Um, one other occasion, when I was in Calcutta and I was, I was quite young, I was in my early twenties, and I was wandering around a market, and there were two other young women there, Bengali women, and one nudged the other and said, ‘Etake dhak, etake dhak’ which means, ‘Look at this one, look at this one’, and I turned round and glared at them, and they looked very worried and said, ‘Oh Bangla bhoje’, which means, ‘She understands Bengali’, and I burst out laughing actually because they looked so mortified, and I said, ‘Yes, my parents are Bengali’, and we, and then it was a warm exchange, and that was nice, and that sort of brought us together.
Interviewer:
Do you feel sometimes you become almost a different person in a different language?
Reeta Chakrabarti:
Yes, a little bit, a little bit. Um, again, going back to the uncles who would tease me, and still do, they say when I speak Bengali I sound like a child, I’m a ‘chibya chibya bholi’ which means I, I chew the language because it’s, it’s more, I think you use your tongue more in Bengali and so there’s a slight amount of chewing, um, so yes, I think, er, in Bengali I do. I probably become a bit younger because I’m feeling my way round the language more. Er, French it’s harder for me to tell but I’ve seen it in reverse. I’ve seen people, because when I spent time in France, I was teaching in two schools and we came to Britain with some of the children, came to, er, Oxford to travel round, and, um, one of the teachers who I liked very much in France, in French, when she spoke English became terribly artificial and simpering, and I know that friends of mine didn’t like her, French friends of mine didn’t like her and in French I couldn’t understand why, and in English I could.
End transcript: Reeta Chakrabarti
Reeta Chakrabarti
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Multicultural experience in an English-medium school in India:

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Answer

Reeta Chakrabarti loved her experiences at this school. Her classmates came from all over the world, so were from different national, cultural and linguistic backgrounds. They all spoke English as a lingua franca, but some Bengali was also spoken.

Different levels of competency French and Bengali:

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Answer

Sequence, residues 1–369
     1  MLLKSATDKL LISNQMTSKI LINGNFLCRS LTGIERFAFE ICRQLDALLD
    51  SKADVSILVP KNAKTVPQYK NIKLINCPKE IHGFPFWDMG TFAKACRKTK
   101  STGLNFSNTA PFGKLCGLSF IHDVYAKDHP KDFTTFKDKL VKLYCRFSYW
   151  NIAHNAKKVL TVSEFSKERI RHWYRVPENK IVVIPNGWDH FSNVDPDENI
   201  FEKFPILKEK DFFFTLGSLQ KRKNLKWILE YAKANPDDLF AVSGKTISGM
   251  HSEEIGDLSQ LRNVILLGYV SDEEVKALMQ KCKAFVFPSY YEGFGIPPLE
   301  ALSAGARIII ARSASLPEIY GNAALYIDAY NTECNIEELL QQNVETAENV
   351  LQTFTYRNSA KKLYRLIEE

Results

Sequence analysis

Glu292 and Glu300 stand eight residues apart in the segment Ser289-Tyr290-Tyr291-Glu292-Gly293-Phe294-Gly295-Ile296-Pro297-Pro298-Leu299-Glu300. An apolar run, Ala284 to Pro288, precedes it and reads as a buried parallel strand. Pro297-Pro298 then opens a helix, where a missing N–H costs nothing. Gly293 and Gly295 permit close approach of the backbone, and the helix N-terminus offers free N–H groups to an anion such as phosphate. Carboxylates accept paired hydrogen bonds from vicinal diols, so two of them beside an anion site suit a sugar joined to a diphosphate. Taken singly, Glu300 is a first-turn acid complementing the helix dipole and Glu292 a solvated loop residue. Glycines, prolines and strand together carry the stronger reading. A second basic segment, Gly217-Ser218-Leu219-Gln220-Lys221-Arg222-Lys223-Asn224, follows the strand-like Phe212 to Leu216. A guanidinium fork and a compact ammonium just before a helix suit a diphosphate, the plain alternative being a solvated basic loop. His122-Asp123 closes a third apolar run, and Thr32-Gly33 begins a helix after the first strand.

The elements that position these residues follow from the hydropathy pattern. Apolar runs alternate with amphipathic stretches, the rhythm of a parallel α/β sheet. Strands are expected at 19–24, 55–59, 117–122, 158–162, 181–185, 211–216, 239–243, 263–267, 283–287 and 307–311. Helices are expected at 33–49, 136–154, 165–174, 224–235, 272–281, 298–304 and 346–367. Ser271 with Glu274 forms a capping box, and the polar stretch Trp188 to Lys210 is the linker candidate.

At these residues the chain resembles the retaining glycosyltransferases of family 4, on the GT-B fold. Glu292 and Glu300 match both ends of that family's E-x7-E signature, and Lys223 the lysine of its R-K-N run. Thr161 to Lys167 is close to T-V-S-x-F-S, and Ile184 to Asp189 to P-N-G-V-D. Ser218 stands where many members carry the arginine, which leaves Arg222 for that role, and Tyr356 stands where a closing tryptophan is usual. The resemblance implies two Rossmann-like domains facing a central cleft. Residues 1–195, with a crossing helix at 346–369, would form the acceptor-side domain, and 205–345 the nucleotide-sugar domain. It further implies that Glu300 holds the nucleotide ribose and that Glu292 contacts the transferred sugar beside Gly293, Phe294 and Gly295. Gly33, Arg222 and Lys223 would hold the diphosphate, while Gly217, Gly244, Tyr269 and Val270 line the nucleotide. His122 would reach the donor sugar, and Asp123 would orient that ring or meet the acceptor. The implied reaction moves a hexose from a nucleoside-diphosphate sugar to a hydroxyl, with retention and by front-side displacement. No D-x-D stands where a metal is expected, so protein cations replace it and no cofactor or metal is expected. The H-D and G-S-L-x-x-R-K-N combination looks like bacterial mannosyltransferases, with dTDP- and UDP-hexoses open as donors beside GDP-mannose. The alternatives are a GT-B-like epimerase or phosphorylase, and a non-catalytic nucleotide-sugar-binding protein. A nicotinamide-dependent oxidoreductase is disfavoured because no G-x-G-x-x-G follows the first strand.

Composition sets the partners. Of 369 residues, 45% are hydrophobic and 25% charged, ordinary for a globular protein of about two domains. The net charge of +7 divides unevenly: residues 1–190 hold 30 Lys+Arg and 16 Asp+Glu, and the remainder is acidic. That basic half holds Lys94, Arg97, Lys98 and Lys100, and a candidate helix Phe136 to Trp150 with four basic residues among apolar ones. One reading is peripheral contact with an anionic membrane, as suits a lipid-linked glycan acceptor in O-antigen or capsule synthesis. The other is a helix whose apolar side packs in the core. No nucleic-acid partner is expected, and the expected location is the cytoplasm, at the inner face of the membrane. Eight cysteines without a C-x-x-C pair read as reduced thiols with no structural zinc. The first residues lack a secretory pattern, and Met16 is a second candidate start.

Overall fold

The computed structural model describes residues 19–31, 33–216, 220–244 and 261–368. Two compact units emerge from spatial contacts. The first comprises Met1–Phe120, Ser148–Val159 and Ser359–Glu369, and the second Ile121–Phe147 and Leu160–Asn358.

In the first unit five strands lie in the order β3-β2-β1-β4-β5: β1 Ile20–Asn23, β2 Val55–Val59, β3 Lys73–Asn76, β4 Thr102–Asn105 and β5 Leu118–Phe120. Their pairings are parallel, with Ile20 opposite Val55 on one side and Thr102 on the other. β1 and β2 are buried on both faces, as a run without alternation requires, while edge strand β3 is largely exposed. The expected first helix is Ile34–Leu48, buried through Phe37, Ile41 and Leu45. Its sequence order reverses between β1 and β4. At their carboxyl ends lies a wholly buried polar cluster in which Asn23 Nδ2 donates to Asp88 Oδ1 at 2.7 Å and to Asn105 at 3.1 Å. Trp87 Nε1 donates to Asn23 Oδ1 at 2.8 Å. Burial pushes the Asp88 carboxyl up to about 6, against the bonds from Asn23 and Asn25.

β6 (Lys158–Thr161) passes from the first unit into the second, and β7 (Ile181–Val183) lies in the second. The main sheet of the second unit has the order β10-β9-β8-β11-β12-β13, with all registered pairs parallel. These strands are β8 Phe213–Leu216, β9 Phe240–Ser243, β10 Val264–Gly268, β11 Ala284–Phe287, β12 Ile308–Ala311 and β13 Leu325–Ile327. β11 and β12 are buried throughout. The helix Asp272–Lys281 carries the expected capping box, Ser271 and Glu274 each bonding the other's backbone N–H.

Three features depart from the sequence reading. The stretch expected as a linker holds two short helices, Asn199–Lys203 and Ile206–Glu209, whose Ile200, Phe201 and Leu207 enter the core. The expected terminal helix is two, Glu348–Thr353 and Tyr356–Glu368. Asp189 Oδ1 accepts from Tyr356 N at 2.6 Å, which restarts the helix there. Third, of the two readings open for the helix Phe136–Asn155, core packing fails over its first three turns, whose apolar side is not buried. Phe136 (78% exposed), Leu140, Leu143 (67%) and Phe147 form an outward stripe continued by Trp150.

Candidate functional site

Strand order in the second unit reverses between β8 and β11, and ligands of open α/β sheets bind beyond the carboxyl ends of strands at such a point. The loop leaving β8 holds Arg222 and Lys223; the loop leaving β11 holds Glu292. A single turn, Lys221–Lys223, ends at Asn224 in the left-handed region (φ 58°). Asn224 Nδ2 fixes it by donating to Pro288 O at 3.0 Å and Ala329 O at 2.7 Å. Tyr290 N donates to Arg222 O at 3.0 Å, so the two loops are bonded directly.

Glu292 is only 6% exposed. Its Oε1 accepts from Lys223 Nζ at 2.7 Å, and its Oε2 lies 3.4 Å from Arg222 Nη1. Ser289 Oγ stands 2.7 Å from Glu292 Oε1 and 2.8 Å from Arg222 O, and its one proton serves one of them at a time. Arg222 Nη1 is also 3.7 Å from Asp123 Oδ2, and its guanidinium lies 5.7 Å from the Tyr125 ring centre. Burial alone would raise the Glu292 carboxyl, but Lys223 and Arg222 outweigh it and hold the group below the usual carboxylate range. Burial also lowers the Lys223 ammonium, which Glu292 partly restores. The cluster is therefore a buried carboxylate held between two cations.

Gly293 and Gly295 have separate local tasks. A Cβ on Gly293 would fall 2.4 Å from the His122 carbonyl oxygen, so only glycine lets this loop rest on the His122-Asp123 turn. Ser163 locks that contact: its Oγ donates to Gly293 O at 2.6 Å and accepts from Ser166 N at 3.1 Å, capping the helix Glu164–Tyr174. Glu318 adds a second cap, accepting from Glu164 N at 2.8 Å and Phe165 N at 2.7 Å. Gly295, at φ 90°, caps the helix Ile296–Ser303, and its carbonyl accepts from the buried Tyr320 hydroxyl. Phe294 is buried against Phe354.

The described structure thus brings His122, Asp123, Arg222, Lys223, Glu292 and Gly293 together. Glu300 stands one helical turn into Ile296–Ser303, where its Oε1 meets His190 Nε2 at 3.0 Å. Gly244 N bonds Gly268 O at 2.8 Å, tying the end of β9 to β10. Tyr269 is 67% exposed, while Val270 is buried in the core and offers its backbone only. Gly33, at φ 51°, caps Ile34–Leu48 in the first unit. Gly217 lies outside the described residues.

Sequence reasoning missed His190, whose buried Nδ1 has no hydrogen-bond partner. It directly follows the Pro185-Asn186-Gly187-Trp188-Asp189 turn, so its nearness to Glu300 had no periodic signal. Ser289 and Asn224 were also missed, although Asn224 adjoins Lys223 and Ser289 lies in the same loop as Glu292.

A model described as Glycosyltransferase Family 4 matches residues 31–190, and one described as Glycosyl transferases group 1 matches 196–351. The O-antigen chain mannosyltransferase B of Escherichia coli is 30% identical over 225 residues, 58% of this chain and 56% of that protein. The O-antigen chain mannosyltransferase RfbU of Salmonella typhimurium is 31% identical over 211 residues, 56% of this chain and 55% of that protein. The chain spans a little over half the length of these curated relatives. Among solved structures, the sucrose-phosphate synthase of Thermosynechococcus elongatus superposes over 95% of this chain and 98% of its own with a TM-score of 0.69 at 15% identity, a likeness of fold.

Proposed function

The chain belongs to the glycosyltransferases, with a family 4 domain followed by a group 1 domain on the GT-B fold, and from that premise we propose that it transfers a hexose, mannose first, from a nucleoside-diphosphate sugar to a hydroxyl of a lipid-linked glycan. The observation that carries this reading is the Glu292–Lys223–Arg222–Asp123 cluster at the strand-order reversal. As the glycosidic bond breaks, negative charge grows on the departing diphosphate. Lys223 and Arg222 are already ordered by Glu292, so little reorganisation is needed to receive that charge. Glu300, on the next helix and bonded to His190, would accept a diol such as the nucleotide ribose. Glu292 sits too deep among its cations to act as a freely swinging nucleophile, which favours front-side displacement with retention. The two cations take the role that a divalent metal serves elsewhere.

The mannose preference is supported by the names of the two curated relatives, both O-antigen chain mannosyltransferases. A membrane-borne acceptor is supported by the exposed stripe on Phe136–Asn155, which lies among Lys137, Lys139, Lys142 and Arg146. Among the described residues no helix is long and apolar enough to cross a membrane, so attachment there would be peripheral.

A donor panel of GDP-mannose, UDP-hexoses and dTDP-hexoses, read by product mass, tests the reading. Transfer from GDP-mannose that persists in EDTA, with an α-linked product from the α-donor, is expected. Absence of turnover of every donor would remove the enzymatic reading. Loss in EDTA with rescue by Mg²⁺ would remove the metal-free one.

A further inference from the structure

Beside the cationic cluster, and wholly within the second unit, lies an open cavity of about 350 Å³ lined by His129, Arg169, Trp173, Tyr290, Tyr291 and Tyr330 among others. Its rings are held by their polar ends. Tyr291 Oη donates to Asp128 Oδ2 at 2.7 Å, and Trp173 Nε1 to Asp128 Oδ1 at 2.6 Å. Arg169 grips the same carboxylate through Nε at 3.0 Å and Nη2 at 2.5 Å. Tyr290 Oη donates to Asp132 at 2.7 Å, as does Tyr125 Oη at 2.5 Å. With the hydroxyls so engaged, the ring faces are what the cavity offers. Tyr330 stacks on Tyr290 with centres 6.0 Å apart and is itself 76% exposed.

Reeta Chakrabarti’s French is a result of her decision to study the language at university. She has literary French (from her university study) and her spoken French (acquired during her year abroad) is good, but her written French is less developed.

Bengali is largely a spoken language for her.

Value of any level of language skills:

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Answer

Reeta Chakrabarti says that you need to speak the language to ‘get under the skin of a culture’ which means that you can make very immediate connections with people. Speaking even a few words is usually appreciated by locals and you often get on better with people if you share a language. She recounts an incident in a market in Calcutta, where her language skills allowed her to overhear two local women talking about her. However, these language skills also helped her to defuse the situation, resulting in a ‘warm exchange’ with the women, that ‘brought [them] together’.

The way people express themselves in different languages affects how others see them:

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Answer

Reeta Chakrabarti recounts how her uncles tease her for speaking Bengali like a child. She says she may ‘become a bit younger’ when she speaks Bengali because she is feeling her way round the language.

Reeta Chakrabarti mentions the example of a French teacher friend who sounded ‘artificial and simpering’ when she spoke English, which was not something Reeta had picked up from speaking French with her.